Businesses like Brave browser are seeking to disrupt this antiquated revenue model. Brave browser rewards users with cryptocurrency for their interaction with adverts as they browse the web. Users can also choose to enable an automatic donation system for content creators, which donates based on how much the user views a particular creator.

It seems natural to me that when monetization of your data is used to target ads at you, with the aim of generating more revenue, you should be paid by companies for their use of your data and your time. Just as you would have to pay for theirs.

Big-data & Self-sovereign data

As the world moves in to this data-driven paradigm it is, at least to me, plain to see that data sovereignty & custodianship of your data should be a human right.

In fact the EUs GDPR regulation states:

“Natural persons should have control of their own personal data.”

However it also tacit that the regulation defines no such standard as self-sovereignty of data. This is because, using the current systems, you must give custody of it to another party. Once they have custody you can only make requests concerning your data, as such, direct control of who can access your data is, at best time-consuming or at worst, impossible.

With the advent of the internet, personal data changed, it is so much more now. Its your Google searches, Facebook posts, Tweets, Instagram photos, even your GPS or WIFI location. Its the essence of You.

How Blockchain enables self-sovereign data:

Blockchain has the potential to conclude the problems surrounding data-sovereignty once and for all. Blockchain is often thought of as a monetary technology. What it actually is, is a publishing platform. One that is decentralized, immutable & verified. They can publish financial ledgers, contracts, journalism, or as i am about to explain personal-information.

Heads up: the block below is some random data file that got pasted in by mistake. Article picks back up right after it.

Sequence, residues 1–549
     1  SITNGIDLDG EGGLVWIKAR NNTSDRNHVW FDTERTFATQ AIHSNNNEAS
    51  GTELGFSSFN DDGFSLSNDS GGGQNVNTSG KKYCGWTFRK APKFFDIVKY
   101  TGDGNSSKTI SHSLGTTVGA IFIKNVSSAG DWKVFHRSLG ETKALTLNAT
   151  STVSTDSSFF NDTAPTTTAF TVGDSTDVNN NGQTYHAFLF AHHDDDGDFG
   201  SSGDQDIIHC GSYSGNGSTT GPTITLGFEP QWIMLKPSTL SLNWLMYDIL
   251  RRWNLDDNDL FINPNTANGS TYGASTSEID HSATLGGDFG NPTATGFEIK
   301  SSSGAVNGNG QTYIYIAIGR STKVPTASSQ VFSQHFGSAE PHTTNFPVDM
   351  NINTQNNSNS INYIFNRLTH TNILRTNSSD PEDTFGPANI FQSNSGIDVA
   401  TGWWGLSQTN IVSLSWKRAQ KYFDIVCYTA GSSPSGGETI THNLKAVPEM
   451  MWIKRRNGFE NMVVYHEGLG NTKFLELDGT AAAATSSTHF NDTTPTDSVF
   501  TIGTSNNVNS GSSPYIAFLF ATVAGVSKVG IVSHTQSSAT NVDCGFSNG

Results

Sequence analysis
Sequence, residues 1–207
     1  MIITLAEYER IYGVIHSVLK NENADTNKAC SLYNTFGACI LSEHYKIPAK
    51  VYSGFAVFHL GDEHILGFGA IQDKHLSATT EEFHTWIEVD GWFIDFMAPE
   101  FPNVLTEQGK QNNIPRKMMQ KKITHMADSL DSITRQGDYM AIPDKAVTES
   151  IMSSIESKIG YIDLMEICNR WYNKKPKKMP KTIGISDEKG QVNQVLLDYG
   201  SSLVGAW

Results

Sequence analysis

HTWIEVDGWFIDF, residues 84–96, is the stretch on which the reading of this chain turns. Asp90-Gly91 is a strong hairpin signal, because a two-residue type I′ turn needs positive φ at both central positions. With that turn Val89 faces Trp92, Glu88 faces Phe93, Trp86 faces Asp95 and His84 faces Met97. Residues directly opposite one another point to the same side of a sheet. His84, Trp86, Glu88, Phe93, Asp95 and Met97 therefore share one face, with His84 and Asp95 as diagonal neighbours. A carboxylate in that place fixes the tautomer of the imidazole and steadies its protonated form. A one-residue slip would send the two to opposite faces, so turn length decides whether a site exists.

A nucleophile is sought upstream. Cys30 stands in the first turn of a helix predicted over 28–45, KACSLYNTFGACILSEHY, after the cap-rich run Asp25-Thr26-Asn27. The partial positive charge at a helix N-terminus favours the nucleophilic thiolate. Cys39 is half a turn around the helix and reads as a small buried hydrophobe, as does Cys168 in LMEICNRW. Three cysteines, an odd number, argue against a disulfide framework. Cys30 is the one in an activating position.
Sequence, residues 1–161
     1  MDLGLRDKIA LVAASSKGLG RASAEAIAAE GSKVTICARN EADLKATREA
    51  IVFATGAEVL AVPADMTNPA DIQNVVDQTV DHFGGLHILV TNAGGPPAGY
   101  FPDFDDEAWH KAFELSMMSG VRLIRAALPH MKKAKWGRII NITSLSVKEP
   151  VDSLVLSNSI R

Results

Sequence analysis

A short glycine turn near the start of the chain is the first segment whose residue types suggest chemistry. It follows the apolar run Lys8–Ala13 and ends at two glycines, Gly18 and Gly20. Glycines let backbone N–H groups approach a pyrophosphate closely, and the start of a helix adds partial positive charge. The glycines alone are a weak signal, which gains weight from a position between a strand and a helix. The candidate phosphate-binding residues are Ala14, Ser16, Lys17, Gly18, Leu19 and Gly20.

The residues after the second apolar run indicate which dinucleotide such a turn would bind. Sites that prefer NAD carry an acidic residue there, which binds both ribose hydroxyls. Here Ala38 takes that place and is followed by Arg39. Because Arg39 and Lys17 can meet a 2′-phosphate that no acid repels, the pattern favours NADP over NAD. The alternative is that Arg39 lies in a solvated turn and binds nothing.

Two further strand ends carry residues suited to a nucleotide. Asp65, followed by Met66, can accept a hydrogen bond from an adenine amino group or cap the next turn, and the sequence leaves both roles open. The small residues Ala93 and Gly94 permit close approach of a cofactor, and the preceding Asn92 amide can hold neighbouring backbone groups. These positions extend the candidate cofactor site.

The appropriate chain could be used to store personal-information privately. Each user would generate a private key when they first use the chain, this key is how your data becomes self-sovereign. It is necessary to change your personal-information, or generate public addresses. The public addresses allow 3rd parties to, read data, or update it with your consent. But never does the 3rd party need to hold your data, just the revocable public key.

So you can see, there are solutions, but they are as much based in technology as the problems. Some might see that as an issue. Not me. The big-data revolution will empower our society to solve major issues like global warming, poverty and terminal diseases.

Cashless societies — The risks:

Briefly, what is cash? Cash is a current asset that is, portable, fungible, durable, divisible, anonymous & limited in supply. These properties of cash are what allow it to be traded in exchange for a wide range of goods or services.

Physical cash is very important for a society to work, especially in times of great strife e.g. natural disasters or wars. Moreover – long term power or networking outages could cause anarchy in a fully-cashless society.

Purely-digital cash has other strange implications. It means, that a corporation must hold your current and liquid assets. In a financial collapse scenario the people would not be able to withdraw cash, to protect themselves they would be forced to invest in, or otherwise buy assets. The vast majority of people are not capable of investing properly for a number reasons. This leaves them commodities and It would likely not pay off for the average Joe if they were forced into such a position. Such defaults would create a snowball effect of failed investments, potentially bankrupting many households. People would be truly at the mercy of global financial systems when the next collapse happens.

Institutions Thoughts on Cashless Societies

The Access to Cash Review was commissioned in response to concerns raised by the Consumers Association in the UK in July 2018. It concluded that nearly half of the UK (more than 25 million people) would struggle as a result of going cashless. In fact, the review of the report by the Consumers Association concludes: